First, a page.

Results tagged ‘ Jeff Kent ’
This San Francisco Chronicle article piqued my interest, mainly because it raised some interesting observations about former Blue Jay/Met/Indian/Giant/Astro/Dodger Jeff Kent — a somewhat odd figure whom you could never quite figure out, even when you thought you might actually be close to cracking the code.
The one thing we — reporters who covered him, front offices who employed him, ballplayers who played with him — all knew to be true was that Kent didn’t care what people thought of him. He said what was on his mind, political correctness be darned. In an era where pro athletes are increasingly more diplomatic as they choose their words, Kent was having none of that. If he had an opinion, and you asked him about it, he’d unload.
That characteristic alone might help his Hall of Fame chances later this year, when his name appears on the ballot for the first time. More on that later.
Kent had a few different personas. He was well-known for his complete disinterest in getting close to his teammates on any level, treating them, and his profession, in the same manner as the decision makers in the front office. This was a business, the clubhouse was his office, and his teammates were nothing more than coworkers with whom he had one thing in common: they played baseball for a living.
Before one particular road game in California while he was playing for the Astros, Kent was debating with a teammate on a random topic, and the teammate joked, “Careful. We may not be able to be friends anymore.” Kent shot back, “We’re not friends.” The teammate gave one of those half-laughs, the kind you use when you’re not quite sure how to react. Kent said, again, stone-faced, “No. Really. We are not friends.”
That was just how Jeff Kent was. He wasn’t mean-spirited; he was just blunt, and a little strange. What else was he? An amazingly talented baseball player who had an intolerance for losing and stupidity. He fumed after losses. When games were lost because of mental mistakes, he’d sit at his locker after, silently stewing with such intensity you could practically see the steam coming out of his ears.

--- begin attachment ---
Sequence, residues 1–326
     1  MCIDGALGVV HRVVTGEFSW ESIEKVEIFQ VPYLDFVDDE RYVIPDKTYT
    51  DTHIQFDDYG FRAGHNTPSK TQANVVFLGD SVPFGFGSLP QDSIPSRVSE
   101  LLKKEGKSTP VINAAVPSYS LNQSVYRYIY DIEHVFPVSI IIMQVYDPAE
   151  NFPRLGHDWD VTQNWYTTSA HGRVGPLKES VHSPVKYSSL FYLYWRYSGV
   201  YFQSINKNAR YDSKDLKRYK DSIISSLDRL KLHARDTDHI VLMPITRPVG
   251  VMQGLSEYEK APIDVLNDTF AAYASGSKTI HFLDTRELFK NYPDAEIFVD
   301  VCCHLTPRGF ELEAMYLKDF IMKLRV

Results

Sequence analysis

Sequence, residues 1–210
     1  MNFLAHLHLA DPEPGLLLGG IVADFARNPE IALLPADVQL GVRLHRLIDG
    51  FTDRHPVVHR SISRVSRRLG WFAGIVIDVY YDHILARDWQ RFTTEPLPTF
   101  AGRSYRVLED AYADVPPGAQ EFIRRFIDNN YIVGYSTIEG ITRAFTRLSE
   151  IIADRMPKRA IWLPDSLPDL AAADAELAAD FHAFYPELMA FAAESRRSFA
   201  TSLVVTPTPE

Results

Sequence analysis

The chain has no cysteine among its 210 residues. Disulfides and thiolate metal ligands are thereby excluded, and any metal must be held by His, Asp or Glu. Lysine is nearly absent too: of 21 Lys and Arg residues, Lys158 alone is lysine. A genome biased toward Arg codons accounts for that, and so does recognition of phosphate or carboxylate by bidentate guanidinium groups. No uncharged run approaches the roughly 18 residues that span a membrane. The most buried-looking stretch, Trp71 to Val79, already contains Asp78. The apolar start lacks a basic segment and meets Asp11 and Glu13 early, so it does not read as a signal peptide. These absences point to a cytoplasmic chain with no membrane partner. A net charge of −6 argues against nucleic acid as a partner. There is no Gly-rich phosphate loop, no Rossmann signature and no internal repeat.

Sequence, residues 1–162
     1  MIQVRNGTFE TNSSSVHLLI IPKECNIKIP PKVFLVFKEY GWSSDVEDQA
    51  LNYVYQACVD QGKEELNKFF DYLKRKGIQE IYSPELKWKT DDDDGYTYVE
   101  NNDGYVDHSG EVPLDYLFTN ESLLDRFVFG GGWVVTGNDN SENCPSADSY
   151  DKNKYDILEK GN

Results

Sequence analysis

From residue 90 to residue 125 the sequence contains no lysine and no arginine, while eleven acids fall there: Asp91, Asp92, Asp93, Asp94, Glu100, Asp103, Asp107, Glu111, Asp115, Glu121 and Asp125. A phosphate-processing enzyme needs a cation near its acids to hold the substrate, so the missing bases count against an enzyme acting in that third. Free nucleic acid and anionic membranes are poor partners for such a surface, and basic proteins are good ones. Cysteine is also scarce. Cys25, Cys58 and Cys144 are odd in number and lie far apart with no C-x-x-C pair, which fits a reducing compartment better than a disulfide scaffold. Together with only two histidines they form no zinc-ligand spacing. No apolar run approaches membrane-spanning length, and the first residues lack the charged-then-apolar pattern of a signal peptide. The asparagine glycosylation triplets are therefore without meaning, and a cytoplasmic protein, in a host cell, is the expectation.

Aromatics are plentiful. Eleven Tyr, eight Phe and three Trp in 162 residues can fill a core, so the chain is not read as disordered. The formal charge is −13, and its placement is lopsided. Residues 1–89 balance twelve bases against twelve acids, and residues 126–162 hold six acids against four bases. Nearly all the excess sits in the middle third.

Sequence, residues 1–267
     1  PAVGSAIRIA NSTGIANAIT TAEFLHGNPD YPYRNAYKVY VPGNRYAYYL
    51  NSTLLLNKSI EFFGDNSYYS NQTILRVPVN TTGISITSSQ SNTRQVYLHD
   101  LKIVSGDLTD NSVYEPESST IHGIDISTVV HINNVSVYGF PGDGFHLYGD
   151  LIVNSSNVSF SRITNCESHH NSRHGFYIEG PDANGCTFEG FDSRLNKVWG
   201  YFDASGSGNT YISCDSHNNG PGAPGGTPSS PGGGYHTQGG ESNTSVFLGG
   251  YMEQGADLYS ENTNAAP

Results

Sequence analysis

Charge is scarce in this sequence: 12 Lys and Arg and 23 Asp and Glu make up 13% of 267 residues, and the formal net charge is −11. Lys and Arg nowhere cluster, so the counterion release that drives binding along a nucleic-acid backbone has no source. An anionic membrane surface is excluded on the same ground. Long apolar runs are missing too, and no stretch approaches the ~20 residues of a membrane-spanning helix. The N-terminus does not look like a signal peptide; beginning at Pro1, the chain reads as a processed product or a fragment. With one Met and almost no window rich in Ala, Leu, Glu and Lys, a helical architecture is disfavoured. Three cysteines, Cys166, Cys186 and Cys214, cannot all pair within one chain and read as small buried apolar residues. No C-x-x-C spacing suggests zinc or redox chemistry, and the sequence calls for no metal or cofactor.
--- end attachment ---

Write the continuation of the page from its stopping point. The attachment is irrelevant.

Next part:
That’s also what made Kent so respected. His teammates didn’t get him, but they liked him. They didn’t dare invite him to dinner, ever, but they admired him for his work ethic and absolute disdain for losing. Maybe he wasn’t the guy you’d grab a brewskie with after a day game in Chicago, but he be at the top of anyone’s list as a desired teammate on club with a chance to win a championship.
Kent had another side to him as well, but it was one he mainly liked to keep hidden while he was working. A lot of his weird-guy persona, in my opinion, was simply a ploy to keep people guessing, as well as prevent anyone from getting too close. In truth, he’s a nice guy. Bright. Insightful. Even, at times, gracious. (During one particular conversation when he was scowling and purposely being difficult, I threatened to out him as a nice guy. He laughed, briefly, and then put his “I’m so annoyed by you reporters” steely-gazed face back on.)
After two years of covering him, I really grew to appreciate him, even like him, save for the two or three times I wanted to throw things at him.
Anyway, the fact that Kent could not have cared less what anyone thought of him during his career as a ballplayer makes him a somewhat intriguing figure now, for two reasons: he was one of the few players who, while active, railed passionately about his disdain for performance-enhancing drugs, and he’s eligible for election to the Hall of Fame next year.
As cited in the aforementioned San Francisco Chronicle article, Kent lobbied for steroid testing while his union was fighting it and later fought for tests for amphetamines and blood testing for human growth hormone. Kent wasn’t the only one with this stance, but he was certainly one of the few who not only wasn’t afraid to say it out loud, but also invited reporters to ask him about it.